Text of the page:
Attitudes towards te reo Māori are changing, according to a new online survey by Te Ipukarea, The National Māori Language Institution at Auckland University of Technology.
Te Ipukarea Director Tania Ka'ai says, “Both Māori and Pākehā think that Te Reo Māori is an important part of New Zealand’s national identity and should be compulsory in primary schools. This is what people want for their children and grandchildren.”
Ka'ai adds that most people who were surveyed strongly agreed that the Māori language should be compulsory in New Zealand primary schools, including 83 percent, 80 percent of New Zealand European and 78 percent of other ethnicities.
An even larger portion - 95 percent of New Zealand European/Pākehā and 90 percent of other ethnicities agree or strongly agree that the Māori language is an important part of New Zealand's national identity.
The pop-up survey was completed by 5,391 visitors to the Te Aka Māori-English Dictionary online. The survey sought to gather data on how the online dictionary is used, the language proficiency of users and attitudes towards Te Reo Māori.
Those who were surveyed identified as Māori, New Zealand European/Pākehā (35 per cent) and other ethnicities (7 per cent). They were evenly distributed by age. And, the largest groups by occupation were professionals (37 per cent) and students (20 per cent).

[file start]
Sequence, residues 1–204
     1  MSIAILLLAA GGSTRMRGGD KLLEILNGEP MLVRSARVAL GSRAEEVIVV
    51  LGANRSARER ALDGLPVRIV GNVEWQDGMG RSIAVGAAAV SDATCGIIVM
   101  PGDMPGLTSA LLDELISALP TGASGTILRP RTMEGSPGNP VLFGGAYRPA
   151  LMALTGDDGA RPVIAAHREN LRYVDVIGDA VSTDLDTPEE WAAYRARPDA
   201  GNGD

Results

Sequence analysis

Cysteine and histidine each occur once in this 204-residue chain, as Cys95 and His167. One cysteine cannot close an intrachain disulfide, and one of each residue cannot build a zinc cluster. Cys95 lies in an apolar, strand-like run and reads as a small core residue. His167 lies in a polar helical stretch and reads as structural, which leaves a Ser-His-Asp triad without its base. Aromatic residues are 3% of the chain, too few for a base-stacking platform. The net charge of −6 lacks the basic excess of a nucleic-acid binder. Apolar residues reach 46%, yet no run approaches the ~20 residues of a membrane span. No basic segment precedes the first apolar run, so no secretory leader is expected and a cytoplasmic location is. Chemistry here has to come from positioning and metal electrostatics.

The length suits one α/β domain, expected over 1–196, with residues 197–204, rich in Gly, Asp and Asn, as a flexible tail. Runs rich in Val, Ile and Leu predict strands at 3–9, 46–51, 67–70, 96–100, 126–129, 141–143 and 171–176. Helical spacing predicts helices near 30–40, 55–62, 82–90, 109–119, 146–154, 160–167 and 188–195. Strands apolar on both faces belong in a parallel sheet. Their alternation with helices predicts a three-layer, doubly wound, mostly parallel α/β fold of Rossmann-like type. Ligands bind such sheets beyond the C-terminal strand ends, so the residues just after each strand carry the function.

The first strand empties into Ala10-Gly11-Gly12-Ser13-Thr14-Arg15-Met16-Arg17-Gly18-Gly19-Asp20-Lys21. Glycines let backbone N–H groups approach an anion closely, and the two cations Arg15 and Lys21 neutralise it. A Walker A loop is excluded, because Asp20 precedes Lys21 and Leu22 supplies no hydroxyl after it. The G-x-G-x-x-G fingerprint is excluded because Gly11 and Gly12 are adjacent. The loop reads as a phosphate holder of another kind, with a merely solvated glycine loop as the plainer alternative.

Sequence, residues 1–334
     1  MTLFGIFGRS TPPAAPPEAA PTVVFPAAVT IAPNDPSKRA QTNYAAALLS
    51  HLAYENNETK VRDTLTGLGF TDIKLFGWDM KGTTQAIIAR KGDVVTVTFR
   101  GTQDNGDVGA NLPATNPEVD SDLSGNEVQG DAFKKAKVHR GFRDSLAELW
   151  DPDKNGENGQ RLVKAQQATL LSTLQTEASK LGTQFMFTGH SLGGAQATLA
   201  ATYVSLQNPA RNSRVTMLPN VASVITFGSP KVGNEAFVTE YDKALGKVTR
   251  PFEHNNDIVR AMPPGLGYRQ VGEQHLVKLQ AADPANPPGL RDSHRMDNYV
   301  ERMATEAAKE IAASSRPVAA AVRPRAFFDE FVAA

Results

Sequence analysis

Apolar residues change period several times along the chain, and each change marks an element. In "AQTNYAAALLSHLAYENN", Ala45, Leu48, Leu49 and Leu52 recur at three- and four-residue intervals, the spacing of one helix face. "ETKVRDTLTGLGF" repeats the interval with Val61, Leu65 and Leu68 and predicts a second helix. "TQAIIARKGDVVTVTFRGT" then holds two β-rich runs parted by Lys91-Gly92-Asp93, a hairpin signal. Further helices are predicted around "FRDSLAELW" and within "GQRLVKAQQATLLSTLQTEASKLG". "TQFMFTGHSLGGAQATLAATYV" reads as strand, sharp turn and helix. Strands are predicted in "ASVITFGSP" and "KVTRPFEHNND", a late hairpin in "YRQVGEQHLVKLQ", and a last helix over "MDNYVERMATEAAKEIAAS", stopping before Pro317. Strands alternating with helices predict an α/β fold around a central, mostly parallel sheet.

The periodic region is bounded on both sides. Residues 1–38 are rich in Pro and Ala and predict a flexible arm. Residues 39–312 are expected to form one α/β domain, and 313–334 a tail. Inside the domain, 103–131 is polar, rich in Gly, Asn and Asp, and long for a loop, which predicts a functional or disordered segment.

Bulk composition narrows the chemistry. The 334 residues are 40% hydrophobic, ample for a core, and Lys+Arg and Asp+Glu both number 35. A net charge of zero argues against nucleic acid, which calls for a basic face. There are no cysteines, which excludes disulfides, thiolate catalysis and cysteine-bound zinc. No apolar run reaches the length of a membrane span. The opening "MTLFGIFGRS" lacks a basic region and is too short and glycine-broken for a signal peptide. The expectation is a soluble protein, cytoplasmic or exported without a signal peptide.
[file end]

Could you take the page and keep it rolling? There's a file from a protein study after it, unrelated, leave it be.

Professor Ka’ai says the rest of the world looks to New Zealand for inspiration and guidance on how to keep indigenous language alive.
Scandinavian countries like Finland, Norway and Sweden are exploring Māori language immersion models such as Kura Kaupapa and Kohanga Reo – the latter of which was the archetype for Hawaii’s Pūnana Leo.
“We are world leaders in language revitalisation. The next step is for Government to make Te Reo Māori compulsory in primary schools. Now, let’s lead the world in this,” says Professor Ka’ai.
According to Statistics New Zealand, 377,073 students were enrolled in New Zealand primary schools in 2016 – 72 per cent received no Māori language education, 25 per cent studied Māori as a subject or equivalent and 3 per cent were involved in Māori language immersion.